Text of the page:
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MED12 and Opitz-Kaveggia Syndrome 

MED12 and Opitz-Kaveggia Syndrome
MED12 and Opitz-Kaveggia Syndrome

Michael J. Lyons

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date: 27 February 2021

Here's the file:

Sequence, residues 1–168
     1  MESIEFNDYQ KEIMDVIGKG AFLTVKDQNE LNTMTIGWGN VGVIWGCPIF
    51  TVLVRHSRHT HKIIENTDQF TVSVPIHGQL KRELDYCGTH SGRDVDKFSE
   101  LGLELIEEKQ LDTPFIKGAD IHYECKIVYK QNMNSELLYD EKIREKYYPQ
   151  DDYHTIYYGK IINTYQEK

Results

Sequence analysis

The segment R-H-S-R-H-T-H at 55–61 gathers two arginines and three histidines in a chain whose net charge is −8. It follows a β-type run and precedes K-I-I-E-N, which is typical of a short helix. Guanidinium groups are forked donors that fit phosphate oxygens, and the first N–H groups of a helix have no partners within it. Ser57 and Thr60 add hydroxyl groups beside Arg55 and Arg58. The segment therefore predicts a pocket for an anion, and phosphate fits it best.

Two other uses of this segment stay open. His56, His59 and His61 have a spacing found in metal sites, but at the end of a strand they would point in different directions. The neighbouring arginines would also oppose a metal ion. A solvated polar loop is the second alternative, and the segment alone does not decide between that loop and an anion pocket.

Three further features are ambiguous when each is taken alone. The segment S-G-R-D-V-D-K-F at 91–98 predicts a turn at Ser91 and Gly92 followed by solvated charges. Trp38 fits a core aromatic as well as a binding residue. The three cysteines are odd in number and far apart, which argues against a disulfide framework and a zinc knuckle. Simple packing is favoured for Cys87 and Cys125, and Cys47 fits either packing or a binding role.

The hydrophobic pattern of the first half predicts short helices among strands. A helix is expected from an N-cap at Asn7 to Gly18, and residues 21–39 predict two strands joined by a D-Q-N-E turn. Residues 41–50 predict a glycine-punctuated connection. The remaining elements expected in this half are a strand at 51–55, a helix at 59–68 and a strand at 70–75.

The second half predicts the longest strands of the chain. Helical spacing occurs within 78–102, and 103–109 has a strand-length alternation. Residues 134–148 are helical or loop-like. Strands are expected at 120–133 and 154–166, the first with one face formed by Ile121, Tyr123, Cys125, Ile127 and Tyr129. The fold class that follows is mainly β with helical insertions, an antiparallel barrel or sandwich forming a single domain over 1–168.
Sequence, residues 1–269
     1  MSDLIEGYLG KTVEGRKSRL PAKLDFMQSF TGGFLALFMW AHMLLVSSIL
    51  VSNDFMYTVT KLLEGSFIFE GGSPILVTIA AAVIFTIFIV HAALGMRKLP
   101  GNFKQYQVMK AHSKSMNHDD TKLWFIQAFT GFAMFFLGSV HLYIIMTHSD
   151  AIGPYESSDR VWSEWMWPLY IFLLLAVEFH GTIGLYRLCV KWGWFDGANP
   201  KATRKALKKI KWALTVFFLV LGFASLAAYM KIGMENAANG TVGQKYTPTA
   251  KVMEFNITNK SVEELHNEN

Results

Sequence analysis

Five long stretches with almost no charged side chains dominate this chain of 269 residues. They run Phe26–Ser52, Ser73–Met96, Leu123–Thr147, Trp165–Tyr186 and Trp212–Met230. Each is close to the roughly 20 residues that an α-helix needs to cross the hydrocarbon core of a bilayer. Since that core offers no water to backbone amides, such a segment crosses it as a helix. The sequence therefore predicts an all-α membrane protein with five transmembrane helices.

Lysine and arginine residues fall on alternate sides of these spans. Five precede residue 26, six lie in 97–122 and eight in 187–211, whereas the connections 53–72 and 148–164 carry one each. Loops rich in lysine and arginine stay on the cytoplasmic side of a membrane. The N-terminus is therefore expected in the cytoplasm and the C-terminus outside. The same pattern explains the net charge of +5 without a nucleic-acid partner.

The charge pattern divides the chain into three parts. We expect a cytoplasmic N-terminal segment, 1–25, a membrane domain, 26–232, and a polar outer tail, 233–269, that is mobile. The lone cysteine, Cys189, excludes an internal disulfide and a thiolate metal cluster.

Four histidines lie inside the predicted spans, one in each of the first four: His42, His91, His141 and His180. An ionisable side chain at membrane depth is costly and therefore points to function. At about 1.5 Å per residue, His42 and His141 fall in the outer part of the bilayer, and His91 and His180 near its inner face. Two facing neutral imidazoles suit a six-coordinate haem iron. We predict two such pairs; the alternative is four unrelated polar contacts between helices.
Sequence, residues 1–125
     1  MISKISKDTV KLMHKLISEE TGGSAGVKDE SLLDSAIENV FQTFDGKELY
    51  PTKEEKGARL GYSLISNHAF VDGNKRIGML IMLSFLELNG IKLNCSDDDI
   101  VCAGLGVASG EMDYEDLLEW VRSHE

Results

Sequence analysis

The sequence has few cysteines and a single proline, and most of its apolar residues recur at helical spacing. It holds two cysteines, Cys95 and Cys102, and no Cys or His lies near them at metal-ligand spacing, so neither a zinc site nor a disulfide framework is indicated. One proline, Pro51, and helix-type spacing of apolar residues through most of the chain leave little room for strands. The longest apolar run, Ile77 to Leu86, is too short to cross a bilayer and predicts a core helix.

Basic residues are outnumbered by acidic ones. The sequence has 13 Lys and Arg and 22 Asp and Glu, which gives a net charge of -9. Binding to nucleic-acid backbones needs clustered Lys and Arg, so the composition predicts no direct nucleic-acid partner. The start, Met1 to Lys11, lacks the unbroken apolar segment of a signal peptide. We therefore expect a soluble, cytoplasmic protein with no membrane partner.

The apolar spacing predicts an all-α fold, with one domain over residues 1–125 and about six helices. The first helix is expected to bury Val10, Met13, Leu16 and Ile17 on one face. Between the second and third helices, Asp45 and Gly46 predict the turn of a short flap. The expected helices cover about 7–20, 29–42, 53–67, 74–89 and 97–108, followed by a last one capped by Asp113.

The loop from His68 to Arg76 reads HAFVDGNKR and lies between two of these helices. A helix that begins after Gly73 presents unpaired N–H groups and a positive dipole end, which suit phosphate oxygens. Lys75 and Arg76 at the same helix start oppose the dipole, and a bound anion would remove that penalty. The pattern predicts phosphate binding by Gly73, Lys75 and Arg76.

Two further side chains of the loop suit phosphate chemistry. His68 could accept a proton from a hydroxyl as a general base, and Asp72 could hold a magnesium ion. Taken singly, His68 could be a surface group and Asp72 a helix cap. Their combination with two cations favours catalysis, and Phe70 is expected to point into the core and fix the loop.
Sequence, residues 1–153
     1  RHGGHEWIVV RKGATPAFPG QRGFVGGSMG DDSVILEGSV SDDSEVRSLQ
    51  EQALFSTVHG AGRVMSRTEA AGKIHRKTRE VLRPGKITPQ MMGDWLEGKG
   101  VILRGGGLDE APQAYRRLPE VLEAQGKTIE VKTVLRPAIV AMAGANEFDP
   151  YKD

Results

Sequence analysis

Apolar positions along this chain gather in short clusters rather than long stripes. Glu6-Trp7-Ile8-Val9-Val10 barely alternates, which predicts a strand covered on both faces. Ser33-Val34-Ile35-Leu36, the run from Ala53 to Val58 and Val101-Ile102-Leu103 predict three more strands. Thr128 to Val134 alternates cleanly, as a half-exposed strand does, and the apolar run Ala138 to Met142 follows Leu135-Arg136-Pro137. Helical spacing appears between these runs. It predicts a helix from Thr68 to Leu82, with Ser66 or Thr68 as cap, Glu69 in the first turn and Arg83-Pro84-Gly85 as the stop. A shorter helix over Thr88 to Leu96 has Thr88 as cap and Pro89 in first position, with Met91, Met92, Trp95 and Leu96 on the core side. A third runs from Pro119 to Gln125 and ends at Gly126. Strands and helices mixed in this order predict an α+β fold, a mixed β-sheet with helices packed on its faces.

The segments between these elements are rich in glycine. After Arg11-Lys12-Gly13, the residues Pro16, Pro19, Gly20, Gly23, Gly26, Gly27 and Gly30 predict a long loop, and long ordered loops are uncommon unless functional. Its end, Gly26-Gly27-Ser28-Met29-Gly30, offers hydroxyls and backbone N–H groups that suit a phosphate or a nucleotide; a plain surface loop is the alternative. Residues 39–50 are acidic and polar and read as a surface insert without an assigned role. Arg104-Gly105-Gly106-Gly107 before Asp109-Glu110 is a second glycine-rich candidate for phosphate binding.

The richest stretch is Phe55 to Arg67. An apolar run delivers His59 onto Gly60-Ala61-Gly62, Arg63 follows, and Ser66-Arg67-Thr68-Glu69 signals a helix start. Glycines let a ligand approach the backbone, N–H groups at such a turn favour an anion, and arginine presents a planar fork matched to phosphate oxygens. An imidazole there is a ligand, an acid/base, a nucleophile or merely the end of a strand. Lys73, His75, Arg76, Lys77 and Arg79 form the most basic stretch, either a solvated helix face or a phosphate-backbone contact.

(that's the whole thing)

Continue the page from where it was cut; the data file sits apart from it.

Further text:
Opitz-Kaveggia syndrome is a rare cause of X-linked intellectual disability and associated anomalies in males due to a mutation in the MED12 gene located at chromosome Xq13. The MED12 gene encodes the MED12 protein which is part of the Mediator complex. Mediator is involved in transcriptional activation and repression. The clinical diagnosis of Opitz-Kaveggia syndrome can be made based on the recognition of typical clinical features including macrocephaly, tall forehead, downslanting palpebral fissures, small simple ears, constipation and/or anorectal anomalies, broad thumbs and halluces, abnormalities of the corpus callosum, intellectual disability, hypotonia, and characteristic behavior. An algorithm based on clinical features has been devised to help guide the decision to pursue molecular testing of the MED12 gene. A diagnosis of Opitz-Kaveggia syndrome can be confirmed by identification of a mutation in the MED12 gene. Most affected individuals have been found to have a recurrent p.R961W mutation which leads to protein conformation changes. A p.G958E mutation has been found to cause Opitz-Kaveggia syndrome in one family. A recurrent p.N1007S mutation in the MED12 gene causes Lujan syndrome which is a distinct disorder. A 12 base pair insertion in the MED12 gene has been associated with an increased risk for schizophrenia.

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